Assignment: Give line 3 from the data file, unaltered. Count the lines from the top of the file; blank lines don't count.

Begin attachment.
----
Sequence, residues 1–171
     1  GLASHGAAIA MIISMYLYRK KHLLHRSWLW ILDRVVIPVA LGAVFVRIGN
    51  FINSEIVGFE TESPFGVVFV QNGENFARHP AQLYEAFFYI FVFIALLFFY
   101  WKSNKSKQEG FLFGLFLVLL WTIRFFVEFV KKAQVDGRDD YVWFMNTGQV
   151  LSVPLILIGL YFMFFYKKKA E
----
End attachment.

    51  FINSEIVGFE TESPFGVVFV QNGENFARHP AQLYEAFFYI FVFIALLFFY